Sustaining a Teacher Professional Learning Community in China Through Technology

Sustaining a Teacher Professional Learning Community in China Through Technology

Jayne Fleener (North Carolina State University, USA), Lianfang Lu (University of Arkansas at Little Rock, USA), Jian Dun (Beijing Institute of Education, China) and Yang Mingquan (Beijing Normal University, China)
Copyright: © 2018 |Pages: 20
DOI: 10.4018/978-1-5225-2924-8.ch005
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Abstract

This study explores the evolution of a professional learning community (PLC) of Chinese teachers over a multi-year period. A group of 16 teachers participated in a three-semester PLC over the 2008-2009 school years to develop master mathematics teachers in a school district in Beijing, China. The goal of the PLC, as identified by the teachers, was to improve instruction for greater student autonomy, creativity, and problem solving as they developed their master capacity building skills and networked relationships. This paper explores what has happened to these 16 teachers six years later, specifically considering how they may have used technology to further their development as master teachers. This study shows the potential of a PLC for self-adaptive, emergent behaviors and understandings that are instructional for transforming teaching practices, sustaining changes in teaching practices and preparing students for 21st century engagements.
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Introduction

China initiated a mathematics curriculum reform movement in K-12 schools nationwide in 2005 to focus on strategies to improve teaching to support greater student autonomy, creativity, and problem solving in mathematics (Yang, 2009). The reform movement was prompted by concerns expressed throughout the global mathematics education and policy communities that students need to be able to use mathematical knowledge to creatively solve problems to engage in 21st century global economies. One of the strategies used in China has been to create local lead teacher learning communities (Hairon & Dimmock, 2012; Yang, 2009). Lead teacher development in China follows a layered approach of expertise and support, often including university-teacher educators and researchers who work with classroom teachers over a long period of time. Lead teachers then assume responsibilities within their schools and districts to model PLC strategies (DuFour, 2004) for other teachers.

China first began using the Lead Teacher approach in the early 1950s when the Chinese Ministry of Education focused on improving the quality of teaching overall. Implementation of a Lead Teacher strategy includes grouping classroom teachers by subject area and having lead teachers model ideal lessons for their peers. Regular meetings provide opportunities for discussion of model lessons and shared approaches to lesson design. Recent approaches to the Lead Teacher Development initiative have focused on preparing teachers to support their students’ development as 21st century learners. The concern, in mathematics, has been that students are taught to perform well in mathematics but do not know how to apply their knowledge creatively (Huang, Li, Zhang, & Li, 2011; Yang & Leung, 2013), requiring more opportunities for students to develop 21st century problem solving and innovation skills.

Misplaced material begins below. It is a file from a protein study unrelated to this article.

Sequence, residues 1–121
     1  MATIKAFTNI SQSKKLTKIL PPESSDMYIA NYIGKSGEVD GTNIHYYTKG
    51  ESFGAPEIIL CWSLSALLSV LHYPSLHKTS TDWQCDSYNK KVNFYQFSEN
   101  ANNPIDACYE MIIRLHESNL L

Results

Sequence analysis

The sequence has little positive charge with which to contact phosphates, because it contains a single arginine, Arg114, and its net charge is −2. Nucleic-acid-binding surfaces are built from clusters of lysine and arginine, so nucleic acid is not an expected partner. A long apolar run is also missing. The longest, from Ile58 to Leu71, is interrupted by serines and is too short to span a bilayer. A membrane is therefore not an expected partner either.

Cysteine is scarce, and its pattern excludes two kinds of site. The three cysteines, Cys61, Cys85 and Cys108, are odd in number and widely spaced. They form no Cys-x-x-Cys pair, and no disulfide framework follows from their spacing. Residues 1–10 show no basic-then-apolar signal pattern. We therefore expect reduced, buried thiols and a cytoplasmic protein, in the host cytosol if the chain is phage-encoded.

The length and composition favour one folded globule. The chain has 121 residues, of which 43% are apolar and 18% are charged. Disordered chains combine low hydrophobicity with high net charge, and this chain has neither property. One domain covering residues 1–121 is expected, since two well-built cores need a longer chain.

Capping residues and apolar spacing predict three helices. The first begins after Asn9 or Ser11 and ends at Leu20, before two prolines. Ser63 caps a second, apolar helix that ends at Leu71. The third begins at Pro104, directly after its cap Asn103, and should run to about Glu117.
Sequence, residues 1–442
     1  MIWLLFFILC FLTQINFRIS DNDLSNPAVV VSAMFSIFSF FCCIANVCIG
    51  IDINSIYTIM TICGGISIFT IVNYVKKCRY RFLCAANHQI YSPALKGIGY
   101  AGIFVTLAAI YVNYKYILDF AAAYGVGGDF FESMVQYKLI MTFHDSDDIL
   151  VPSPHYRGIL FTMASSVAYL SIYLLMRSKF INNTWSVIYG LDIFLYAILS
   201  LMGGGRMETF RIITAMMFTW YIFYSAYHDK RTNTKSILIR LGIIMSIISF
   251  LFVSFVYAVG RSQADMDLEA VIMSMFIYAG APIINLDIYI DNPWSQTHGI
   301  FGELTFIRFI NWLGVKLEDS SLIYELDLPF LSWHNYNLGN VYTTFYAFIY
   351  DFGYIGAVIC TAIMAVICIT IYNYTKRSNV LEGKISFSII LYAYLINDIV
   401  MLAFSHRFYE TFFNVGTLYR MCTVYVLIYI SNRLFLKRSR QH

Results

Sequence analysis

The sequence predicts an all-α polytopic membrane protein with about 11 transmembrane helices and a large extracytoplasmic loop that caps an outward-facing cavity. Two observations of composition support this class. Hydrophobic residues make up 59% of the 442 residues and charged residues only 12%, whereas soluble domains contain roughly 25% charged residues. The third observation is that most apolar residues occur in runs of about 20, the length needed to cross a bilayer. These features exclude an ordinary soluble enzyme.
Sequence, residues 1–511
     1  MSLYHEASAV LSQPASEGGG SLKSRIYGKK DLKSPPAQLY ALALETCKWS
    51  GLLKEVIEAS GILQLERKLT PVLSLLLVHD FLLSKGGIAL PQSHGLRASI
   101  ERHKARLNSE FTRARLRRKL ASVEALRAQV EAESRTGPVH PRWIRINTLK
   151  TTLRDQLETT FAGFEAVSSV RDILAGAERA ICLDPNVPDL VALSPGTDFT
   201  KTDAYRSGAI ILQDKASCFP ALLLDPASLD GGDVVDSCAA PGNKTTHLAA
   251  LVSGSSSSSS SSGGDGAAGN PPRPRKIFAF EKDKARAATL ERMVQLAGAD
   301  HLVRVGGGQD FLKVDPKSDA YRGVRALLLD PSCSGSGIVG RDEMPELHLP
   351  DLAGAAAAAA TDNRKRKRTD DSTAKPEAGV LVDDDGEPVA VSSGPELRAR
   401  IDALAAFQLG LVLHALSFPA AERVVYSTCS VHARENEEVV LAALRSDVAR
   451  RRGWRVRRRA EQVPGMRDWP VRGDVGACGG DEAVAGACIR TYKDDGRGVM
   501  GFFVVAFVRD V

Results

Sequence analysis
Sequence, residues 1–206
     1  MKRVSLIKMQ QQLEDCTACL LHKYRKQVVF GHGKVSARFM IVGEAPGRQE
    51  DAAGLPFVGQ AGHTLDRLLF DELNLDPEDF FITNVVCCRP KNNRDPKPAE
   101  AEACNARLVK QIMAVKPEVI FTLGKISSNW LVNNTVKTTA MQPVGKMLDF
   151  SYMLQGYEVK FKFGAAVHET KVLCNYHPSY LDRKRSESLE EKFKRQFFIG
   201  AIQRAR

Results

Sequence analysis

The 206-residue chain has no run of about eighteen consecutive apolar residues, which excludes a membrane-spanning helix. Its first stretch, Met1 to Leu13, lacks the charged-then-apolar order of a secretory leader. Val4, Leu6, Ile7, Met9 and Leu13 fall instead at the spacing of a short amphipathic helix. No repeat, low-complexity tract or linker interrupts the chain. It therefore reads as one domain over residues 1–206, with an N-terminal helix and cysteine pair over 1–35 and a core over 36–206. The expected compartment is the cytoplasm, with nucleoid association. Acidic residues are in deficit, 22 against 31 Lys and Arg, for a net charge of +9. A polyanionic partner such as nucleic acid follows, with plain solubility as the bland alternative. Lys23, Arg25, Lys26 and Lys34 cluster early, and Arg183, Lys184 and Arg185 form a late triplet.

This study extends research on the cultivation of middle school lead mathematics teachers and the lead teacher learning community created through a PLC project in a school district located in Beijing, China (Fleener, Lu, & Dun, 2016). The previous study examined the lead teacher development process of the PLC through a Communities of the Future (COTF) framework for developing Master Capacity Builders (MCBs), a key component of future forward thinking and teaching that is missing in many PLC approaches to school transformation.

The COTF framework for developing MCB considers the following as key attributes for MCBs (See Smyre & Richardson, 2016):

  • Open to New Ideas

  • Willing to Take Appropriate Risks

  • Patience

  • Passion for Learning

  • Ability to Share Thoughts and Emotions

  • Listen for Value in What Others Say

  • Help Each Other Succeed

  • Look for Connections Among Disparate Ideas and Factors

  • “And/Both” Connective Thinking

  • Ability to Identify Future Trends and Weak Signals

  • Know How to Lay Seeds for Long Term Transformation

  • Ability to Ask Appropriate Questions

  • Maturity in Thinking and Acting

  • A Balance of Human, Moral, Ethical, Spiritual, and Economic Values

  • Concern for Others

Developing MCBs includes strategies such as:

  • Adopting a Futures Perspective

  • Thinking Systemically

  • Asking Appropriate Questions

  • Connecting Disparate Ideas

  • Building Parallel Processes

  • Looking for Multiple Access Points for Learning

  • Identifying Risks and Their Application

  • Designing and Nurturing Projects of True Transformation (pp. 60-62)

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